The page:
Well, this is not rocket science. Almost everyone learn and master skills this way, so even with the most complex task, can be learned one step at a time. This methodology also helps to build confidence and taking things one step at a time, allows troubleshooting, guidance and corrections in timely interventions.

We need to understand that this is not the ‘Beginner’s Mind’, this is in fact, a fixation to the ‘Beginner’s Mind’ which defeats the principles of the ‘Beginner’s Mind’ in the first place.

As we begin to gain proficiency in our movement, we begin to move in a seemingly skillful manner. Things becomes easier to do, we can do them without much thought. This is the departure from a junior belt and the journey into a more senior grade.

I still see a lot of senior belt, taking the whole waza step by step, despite of them already familiar with the moves, and has done it many, many times.

As we move into senior grade, stoppages needs to become shorter, until the entire movement becomes one seamless stream of energy from beginning to the end.

So we need to progress from a step by step waza to one that smoothly transfer motion from one end to another. Being a more senior grade requires the understanding of this transfer, in our physical body.

Our arms and legs can only stretch so much, and at my height, any given men, or women taller than me will have better reach and range of motion than me. Yet, in Aikido, we are able to move bigger opponents, this is not only through the use of leveraging, but more importantly, our understanding in the transition of power, motion and continuity, and leverage is only a small part of that equation.

simply move, and everything will fall in place.

When our opponent catches us, we need to move so that we hyper-extends our opponent, in such a manner that it displaces the balance. But our range of movement will get exhausted, and stop, before that happens, we need to move something else to keep keep our motion, and initiative. Keep the tension, so that our opponent remains engaged, until we finish our moves.

It is not only just having the energy move from left hand to the right, but it is also in simultaneous motion, left leg and hand, synchronous with the hips. The hands and legs will move together. A junior belt will move the hand, then the leg, then the hand…any and all stoppages is an opening for your uke to become the nage.

There is this habit of a junior belt ‘ownself checking ownself’, but stopping every now and then in the movement. This stops the flow and makes the whole waza static, and the uke difficult to follow. More often than not, it is a habit, albeit a bad one, to stop every now and then to check. There is no need to check, simply move, and everything will fall in place.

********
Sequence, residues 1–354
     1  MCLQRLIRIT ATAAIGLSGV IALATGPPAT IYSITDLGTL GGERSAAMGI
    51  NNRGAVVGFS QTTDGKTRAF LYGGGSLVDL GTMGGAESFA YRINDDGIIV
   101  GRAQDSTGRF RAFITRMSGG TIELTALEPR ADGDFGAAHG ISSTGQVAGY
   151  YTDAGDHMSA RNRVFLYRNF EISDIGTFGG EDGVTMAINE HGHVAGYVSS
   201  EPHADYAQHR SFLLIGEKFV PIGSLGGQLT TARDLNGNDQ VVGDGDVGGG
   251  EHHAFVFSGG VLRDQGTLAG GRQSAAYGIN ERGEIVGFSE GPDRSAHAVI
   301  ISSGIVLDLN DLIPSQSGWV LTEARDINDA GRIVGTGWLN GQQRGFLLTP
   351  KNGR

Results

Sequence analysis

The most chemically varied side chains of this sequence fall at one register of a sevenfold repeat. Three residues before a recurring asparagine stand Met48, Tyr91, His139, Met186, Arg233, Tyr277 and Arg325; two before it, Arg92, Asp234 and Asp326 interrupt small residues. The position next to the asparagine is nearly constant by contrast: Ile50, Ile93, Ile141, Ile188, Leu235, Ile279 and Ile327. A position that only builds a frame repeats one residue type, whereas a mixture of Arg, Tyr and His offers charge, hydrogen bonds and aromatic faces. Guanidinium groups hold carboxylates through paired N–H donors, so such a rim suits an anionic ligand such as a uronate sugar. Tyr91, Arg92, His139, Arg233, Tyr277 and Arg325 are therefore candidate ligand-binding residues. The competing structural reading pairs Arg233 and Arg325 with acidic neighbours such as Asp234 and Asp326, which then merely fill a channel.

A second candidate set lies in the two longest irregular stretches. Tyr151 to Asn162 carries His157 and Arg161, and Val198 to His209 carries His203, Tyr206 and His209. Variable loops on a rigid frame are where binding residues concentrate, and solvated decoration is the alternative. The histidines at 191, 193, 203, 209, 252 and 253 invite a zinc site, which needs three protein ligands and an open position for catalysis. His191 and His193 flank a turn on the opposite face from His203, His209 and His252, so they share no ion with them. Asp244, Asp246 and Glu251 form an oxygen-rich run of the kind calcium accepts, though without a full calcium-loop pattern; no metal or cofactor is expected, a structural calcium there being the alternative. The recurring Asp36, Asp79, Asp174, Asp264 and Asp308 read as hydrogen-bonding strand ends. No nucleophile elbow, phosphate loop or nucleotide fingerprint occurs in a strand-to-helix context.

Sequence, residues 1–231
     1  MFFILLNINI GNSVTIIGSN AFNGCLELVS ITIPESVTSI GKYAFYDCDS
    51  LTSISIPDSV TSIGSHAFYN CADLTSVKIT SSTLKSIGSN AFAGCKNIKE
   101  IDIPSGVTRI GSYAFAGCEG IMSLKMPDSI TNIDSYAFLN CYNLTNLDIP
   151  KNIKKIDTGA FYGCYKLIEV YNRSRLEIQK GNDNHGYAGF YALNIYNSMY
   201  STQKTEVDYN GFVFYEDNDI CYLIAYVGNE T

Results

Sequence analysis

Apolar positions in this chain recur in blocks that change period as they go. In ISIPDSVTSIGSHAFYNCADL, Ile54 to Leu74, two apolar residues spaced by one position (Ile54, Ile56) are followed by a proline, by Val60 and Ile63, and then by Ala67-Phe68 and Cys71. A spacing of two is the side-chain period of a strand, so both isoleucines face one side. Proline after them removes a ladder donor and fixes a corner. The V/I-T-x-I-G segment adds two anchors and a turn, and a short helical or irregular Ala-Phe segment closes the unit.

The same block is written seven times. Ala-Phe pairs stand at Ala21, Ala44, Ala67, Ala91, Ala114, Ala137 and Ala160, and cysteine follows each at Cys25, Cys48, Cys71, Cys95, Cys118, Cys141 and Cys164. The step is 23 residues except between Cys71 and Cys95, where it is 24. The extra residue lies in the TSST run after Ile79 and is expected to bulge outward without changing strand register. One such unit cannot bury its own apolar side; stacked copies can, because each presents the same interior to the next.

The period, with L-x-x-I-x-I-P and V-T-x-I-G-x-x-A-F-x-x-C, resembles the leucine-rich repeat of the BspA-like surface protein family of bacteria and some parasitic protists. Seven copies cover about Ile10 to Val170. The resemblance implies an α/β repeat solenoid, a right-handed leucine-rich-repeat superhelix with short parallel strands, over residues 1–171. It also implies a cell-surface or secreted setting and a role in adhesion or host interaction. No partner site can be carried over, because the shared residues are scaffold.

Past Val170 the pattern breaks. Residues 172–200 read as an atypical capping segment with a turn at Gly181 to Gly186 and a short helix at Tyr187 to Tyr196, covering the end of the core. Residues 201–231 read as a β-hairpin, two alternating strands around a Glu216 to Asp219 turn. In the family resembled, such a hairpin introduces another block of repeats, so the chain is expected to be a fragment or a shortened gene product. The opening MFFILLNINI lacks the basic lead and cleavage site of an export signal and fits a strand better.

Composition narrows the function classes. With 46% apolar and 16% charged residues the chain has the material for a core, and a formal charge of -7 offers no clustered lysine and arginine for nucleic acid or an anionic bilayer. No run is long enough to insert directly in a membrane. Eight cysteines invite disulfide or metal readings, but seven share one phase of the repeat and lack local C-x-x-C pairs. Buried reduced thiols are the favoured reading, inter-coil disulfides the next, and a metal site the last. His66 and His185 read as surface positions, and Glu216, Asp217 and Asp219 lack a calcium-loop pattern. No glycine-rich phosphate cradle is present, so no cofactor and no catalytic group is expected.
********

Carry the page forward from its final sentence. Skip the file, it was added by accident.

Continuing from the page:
Shikko and Ukemi

I was sharing this with Gabriel and Zarine one evening, about the attire we wear. I realised that my foundation years in Aikido, I did a lot of suwari waza, or knee walk.

Knowing how to fall properly is all about protecting ourselves from greater harm.

Extensive practice in knee walks, can be a boon or bane for Aikdiokas. I know some Aikido Shihans who have their knees destroyed by suwari waza. Personally for me, during my peaks, i can knee walk until there are holes on the pants where the knees comes into contact with the mat. Yes, blisters are also quite common.

It certainly helps in the stability department. practice on the suwari waza will strengthens the legs and hips, all vital structures for stability in movement or otherwise.

Another very important practice is ukemi. Well what are the chances of us using irimi nage in real life? or applying a nikkyo lock? But when is comes to falling, the chances are plenty.

Knowing how to fall properly is all about protecting ourselves from greater harm. When I was a motorcyclist, it had saved me from being seriously injured in a accident. Even in reality, falls are never picture perfect like in Aikido, but knowing how to and being experienced in rolling helps us prepare for the unexpected.

Published on: Feb 27, 2011

Take a bow

We bow in Aikido, towards the front of the dojo, where a photograph of O sensei is usually hung or placed. Some other dojos hung scrolls instead of O sensei’s photo. In our old Bukit Merah Dojo, we hung O’sensei’s photograph and that of the 1st doshu, Kisshomaru Ueshiba, and a huge scroll.

Right now in NUS, Harry sensei replaced O sensei’s photograph with a scroll, as he doesn’t want the students to mishandle O’sensei’s photograph.

“Bowing before class starts is like a recharge for me”

Anyway, we bowed to the front, and that for me starts my session in class, long before Hary sensei officially starts class. The first bow in class, for me is the most important bow. It is not religiously motivated, no I do not pray towards O sensei. I bow because there is a deep reverence I have in me, and for me to practice Aikido well, I need to be mindful of that reverence.

As I bow, I think of many things that has happened. I extend my thought towards people I cared about, matters I cared about, sometimes, I bow to surrender to the day, I bow to get ‘turned on’ and mentally psych myself for the Aikido class ahead. It is no longer as simple as a bodily bow. when I bow my body, I let my mind settle on mindfulness of a couple of things, matters, situation people I care about or have came into my awareness.

I’ve long learned that the ‘beginner’s mind’ for me is to constantly return to the basic human fundamentals, my humility, my connection to the earth, my connection to people, to myself. Nowadays we are so connected to external devices that we no longer connect inside of us. and we continue to chase what is outside, using our precious energy in us to do that senseless chasing.